It’s time to move past all of the white noise, and focus. The above factors should act as motivation, and not deter you from reaching this goal. Training smart, becoming educated about your current abilities and limitations, and shifting to a positive attitude toward your strength potential will create a foundation for your first pull-up.
During my workshop, we will dive into individual restrictions from a mobility, stability and strength aspect to help determine your training needs. As a take away, every attendee at my workshop will be given a 4 week program, based on ability, and will be invited to a private Facebook Group to share success stories, ask training questions, and support each other in our pull-up journey.
If you haven’t registered for the workshop yet. Do it today!!
For more details about the workshop, click through Ladies Only Pull-up Workshop
(3)Janssen, Ian, Steven Heymsfield, ZiMian Wang, and Robert Ross. “Skeletal muscle mass and distribution in 468 men and women aged 18–88 yr .” Journal of Applied Physiology 89.1 (2000): 81-88. Web.
Test Your Baseline
Before we know where we are going, we have to know where we are starting.
In Grit, we begin with two simple tests: A personal best effort in the 400-metre and the 1-mile. These tests provide valuable data points that will help participants get the most out of their training and work towards personal goals. The 400-metre race is a perfect short distance that is just long enough to test your ability grind out a max effort push. The 1-miler will require a little more stamina to push through with a bit more strategy involved. Together, these two data points provide us with a starting point to plan ahead with valuable information, including:
- Predictive Race Times: Your best effort in nearly any race distance can provide an approximate finish time for other races. In Grit, we are using two data points to improve the accuracy of the prediction. For example, if one runs 400 m in 1:20 minutes and a 1 mile in 6:30 minutes, they can expect to run 5km in about 23:30 minutes. Having this data in the back pocket helps to align goal setting and training.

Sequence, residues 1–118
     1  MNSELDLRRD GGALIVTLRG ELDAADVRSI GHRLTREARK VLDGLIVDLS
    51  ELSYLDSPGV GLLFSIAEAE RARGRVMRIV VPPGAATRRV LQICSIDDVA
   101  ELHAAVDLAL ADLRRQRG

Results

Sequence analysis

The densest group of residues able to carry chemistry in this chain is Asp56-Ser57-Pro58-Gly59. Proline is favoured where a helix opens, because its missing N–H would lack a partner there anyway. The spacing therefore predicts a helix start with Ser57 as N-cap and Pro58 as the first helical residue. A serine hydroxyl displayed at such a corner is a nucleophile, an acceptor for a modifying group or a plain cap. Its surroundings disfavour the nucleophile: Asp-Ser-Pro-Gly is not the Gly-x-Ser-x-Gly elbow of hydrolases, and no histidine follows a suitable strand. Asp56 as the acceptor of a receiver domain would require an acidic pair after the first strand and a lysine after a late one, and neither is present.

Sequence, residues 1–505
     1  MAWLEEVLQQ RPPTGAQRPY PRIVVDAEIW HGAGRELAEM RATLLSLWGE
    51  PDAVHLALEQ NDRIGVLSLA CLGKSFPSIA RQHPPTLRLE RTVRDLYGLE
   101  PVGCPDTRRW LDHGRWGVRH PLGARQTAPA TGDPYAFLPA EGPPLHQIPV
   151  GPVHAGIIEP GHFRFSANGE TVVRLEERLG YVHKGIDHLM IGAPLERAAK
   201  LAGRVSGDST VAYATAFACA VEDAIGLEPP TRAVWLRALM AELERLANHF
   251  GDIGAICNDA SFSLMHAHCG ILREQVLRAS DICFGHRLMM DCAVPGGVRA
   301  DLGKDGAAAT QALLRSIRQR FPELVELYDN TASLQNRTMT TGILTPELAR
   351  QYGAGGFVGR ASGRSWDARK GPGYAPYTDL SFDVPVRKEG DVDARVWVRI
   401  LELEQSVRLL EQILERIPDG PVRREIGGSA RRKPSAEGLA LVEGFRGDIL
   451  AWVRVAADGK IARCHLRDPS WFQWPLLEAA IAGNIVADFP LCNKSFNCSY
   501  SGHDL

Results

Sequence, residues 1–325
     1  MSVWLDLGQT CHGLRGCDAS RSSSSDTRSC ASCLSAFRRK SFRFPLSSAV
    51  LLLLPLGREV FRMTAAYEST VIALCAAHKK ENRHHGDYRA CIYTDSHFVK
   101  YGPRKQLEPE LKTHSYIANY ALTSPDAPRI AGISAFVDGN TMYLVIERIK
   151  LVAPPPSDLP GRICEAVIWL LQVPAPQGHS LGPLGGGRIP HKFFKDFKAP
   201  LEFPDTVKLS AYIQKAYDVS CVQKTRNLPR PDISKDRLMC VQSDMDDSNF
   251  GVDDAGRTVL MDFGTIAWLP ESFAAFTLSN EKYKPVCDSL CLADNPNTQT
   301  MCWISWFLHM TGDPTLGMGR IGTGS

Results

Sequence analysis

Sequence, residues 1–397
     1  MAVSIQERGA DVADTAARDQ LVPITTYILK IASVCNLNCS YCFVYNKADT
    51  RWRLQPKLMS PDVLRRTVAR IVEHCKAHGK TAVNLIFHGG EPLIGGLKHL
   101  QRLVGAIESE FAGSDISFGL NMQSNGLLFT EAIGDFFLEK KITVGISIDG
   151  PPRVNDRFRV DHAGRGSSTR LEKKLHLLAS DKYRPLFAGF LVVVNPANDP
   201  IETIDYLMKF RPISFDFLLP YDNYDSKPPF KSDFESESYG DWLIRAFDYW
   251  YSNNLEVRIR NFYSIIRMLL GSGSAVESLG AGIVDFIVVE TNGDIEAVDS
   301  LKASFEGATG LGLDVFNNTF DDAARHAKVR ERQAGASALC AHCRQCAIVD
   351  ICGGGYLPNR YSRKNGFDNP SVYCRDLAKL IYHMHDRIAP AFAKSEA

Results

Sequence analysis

- Personalized Pacing and Distances: It’s easy to say, “go do some 200 m repeats”. (Yes, we should all probably do some 200 m repeats to improve our fitness). But, how fast should they be? How much rest should they include? It depends on one question: What’s the goal for the workout? Once the goal is known, the prescription can be applied to each participant to ensure everyone gets the most benefit out of the workout using the baseline testing as a jump-off platform.
- Find Balance: For the general fitness enthusiast who wants speed and power coupled with the stamina to go for longer distances, the tests help identify what is currently in one’s wheelhouse and what needs addressing. The Grit program will expose you to protocols that target each of these.
The 400 metre and 1-mile tests are low-tech ways to gather relevant information to support your training and help move beyond randomly applied protocols. Seeing improvement means measuring your progress.
We look forward to testing on Monday, Aprill 24 in our first session! If you’re planning on doing the full 8-week session or drop-ins, come by and test your baseline to get the most out of the following sessions.
Interested in trying GRIT? Come out for our FREE session on Saturday, April 22nd at 12pm.
Check out the program page for more info.
Grit Training aims to help you to tackle your training effectively by developing your physical and mental fortitude. Our goal is for you to get the most out of your training by offering creative strategies to ensure that your pacing, muscle recruitment, and energy systems are working at an improved capacity. Through our understanding of best practices, we aim to provide a balanced approach that enhances your strength and conditioning routine with programming that supports your training and lifestyle without overtraining you.
Aerobic training provides the foundation to go the distance. These workouts are performed at a moderate intensity and help to develop musculoskeletal recruitment and base line efficiency.
Anaerobic training will help you sustain your stamina. These are higher volume workouts performed at near max effort intervals with limited rest.
VO2 Max workouts will have you breathing heavy. Workouts will typically feature short-intervals with minimal rest.
Speed training in Grit will break away from the pure speed training done in track and field or for the sports field. Our approach will combine some full max short distance running with your other elements to ensure that you are practicing your max velocity.
Power workouts encourage the recruitment of your fast twitch muscle fibers through explosive and simple movements.
Read more about GRIT on the program page
Among regular gym goers, it’s not uncommon to hear “I need to do some cardio,” or “I know I should do some strength work, but I just like spinning”. Either way, we are guilty of avoiding the things we don’t want to do. For many of us, running is top of the list.